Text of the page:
Tim A Shaw is an artist and co-founder of Hospital Rooms, Making Time and the Dentons Art Prize. He makes installations, light-sculptures, paintings, and mixed media assemblages that often form immersive environments outside of the gallery space.
He studied Fine Art at Central Saint Martins and recent group and solo exhibitions include The Waiting Room at Wimbledon Space, London and Voice of a Generation at the Quin, New York.
It’s been a while since I’ve been on a plane, but I would always bring art materials on flights and make small works on paper that could fit comfortably on a folding tray and then back into my carry-on luggage when finished and dry. Many of these would be made using Promarker or Promarker Watercolour, and I’d often bring a watercolour brush and use bottled water to mix the watercolour. It’s a good way to paint in a confined space.
Applying a wash to a large area is possible by applying colour from the brush nib to a palette/plastic lid and mixing with a loaded brush and controlled stokes can be applied straight from the brush and bullet nibs.
I’ve been doing a lot more working from home (I guess you can call the long pink dining table in my apartment my new home studio), and Promarker still play a part in my day-to-day work. I’m more likely to apply washes with tube colour with the luxury of more space, but the marks made by a lightfast Promarker Watercolour can be unusual and satisfying.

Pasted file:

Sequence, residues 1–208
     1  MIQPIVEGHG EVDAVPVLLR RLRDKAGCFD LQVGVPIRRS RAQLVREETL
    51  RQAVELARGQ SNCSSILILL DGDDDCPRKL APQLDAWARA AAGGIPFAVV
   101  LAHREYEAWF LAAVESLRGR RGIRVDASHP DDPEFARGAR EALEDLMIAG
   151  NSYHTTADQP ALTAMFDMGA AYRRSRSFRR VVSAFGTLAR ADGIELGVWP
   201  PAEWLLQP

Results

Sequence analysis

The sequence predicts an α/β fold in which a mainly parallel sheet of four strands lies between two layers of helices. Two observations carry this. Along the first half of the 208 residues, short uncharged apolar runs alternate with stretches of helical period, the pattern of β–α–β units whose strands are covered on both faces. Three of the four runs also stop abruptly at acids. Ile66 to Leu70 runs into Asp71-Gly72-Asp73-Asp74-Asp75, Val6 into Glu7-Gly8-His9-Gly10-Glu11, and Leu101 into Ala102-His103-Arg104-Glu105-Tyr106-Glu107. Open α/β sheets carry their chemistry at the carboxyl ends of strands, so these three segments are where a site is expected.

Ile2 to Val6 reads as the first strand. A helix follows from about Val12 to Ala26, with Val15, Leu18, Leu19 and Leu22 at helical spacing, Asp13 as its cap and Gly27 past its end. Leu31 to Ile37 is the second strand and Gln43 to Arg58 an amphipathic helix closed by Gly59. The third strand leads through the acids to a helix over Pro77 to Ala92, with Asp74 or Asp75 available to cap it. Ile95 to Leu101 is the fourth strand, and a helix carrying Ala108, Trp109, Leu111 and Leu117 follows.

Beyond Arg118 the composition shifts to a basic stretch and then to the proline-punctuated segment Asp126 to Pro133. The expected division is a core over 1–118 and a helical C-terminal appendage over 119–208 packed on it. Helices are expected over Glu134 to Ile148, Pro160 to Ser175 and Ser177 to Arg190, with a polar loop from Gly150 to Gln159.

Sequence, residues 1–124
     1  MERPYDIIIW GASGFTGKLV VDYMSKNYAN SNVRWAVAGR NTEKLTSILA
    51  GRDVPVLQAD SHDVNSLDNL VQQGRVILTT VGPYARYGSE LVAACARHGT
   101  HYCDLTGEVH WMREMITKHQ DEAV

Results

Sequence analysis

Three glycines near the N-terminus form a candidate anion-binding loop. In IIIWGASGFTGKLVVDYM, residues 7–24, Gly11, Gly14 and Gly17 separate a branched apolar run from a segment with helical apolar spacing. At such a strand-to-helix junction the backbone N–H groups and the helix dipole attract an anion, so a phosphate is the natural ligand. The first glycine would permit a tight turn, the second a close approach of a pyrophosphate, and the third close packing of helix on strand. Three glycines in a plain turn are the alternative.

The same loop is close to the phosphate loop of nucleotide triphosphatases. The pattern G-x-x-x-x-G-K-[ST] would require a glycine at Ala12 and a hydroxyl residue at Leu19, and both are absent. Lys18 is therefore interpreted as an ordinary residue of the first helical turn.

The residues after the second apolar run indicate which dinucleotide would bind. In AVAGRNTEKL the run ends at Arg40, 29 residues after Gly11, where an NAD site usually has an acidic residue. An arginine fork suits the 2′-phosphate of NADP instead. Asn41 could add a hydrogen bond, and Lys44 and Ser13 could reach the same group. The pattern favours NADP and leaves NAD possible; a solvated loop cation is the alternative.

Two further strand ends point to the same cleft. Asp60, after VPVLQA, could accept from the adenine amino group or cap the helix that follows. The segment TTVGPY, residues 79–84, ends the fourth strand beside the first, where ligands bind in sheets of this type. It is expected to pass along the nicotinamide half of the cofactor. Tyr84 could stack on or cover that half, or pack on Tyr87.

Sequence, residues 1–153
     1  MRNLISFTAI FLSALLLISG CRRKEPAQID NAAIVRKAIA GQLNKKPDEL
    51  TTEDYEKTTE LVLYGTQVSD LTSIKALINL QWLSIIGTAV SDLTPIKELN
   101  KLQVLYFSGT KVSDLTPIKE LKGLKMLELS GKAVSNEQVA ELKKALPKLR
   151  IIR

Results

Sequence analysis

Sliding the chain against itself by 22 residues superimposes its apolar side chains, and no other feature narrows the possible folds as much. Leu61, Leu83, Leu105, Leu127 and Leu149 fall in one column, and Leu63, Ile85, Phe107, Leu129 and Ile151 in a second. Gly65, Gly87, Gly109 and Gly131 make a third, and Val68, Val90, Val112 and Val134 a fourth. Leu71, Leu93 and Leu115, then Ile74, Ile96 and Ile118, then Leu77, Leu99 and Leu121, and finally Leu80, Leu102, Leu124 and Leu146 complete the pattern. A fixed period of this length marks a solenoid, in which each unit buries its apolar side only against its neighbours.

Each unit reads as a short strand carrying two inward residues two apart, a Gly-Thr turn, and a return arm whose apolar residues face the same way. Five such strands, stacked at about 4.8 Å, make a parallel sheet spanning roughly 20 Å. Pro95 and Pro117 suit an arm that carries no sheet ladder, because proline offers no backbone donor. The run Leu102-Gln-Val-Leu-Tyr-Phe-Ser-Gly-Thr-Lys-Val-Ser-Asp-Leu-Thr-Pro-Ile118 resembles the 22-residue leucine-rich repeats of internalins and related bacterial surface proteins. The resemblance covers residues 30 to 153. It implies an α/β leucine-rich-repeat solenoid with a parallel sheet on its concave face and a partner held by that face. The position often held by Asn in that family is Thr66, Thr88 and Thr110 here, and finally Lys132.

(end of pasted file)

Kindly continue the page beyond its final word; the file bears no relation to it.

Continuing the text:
I find they work slightly better on cold pressed paper if working with them with a brush and with the nibs. The pigment is milled finer to flow through the nibs meaning the colours stain more than pan and tube colour, especially so on hot pressed paper. On cold pressed paper the colour can still be lifted easily, and the texture of the paper is still smooth enough for the bullet and brush nibs to move satisfyingly over the surface.
The painting above is made only using Promarker Watercolour as a background and controlled Promarker marks in the foreground. The background wash is soft (more intense colour can be achieved using tube colour) but works well wet-on-wet when applied with a brush. The controlled foreground marks made with Promarker are ones that could not be achieved with a traditional brush. It is another tool to apply colour but has a different sensibility and the potential for a more graphic mark to be made. Promarker ink works very differently on watercolour paper as to a smoother paper like marker paper, but I like the results either way.
Traditional Promarker can be satisfying to work with – blending between close colours by working them into each other when still wet is quick to learn and laying down consistent block colours with the chisel nib is great for making graphic or illustrative images.
Working with these markers on Bristol board gives a smooth and robust surface that allows blending and layering, but if they are to be displayed as artworks need to be framed using UV glazing as, unlike the Promarker Watercolour (which are pigmented markers), they are dye-based and therefore not lightfast.
You’ll see in these Promarker drawings that the smoother, flatter colours that blend softly are on marker paper (right), whereas the more textured marks have been applied to watercolour paper (left). I find that working with a mix of Promarker, Fineliners and Promarker Watercolours can be an effective and gratifying way to sketch and plan on different surfaces.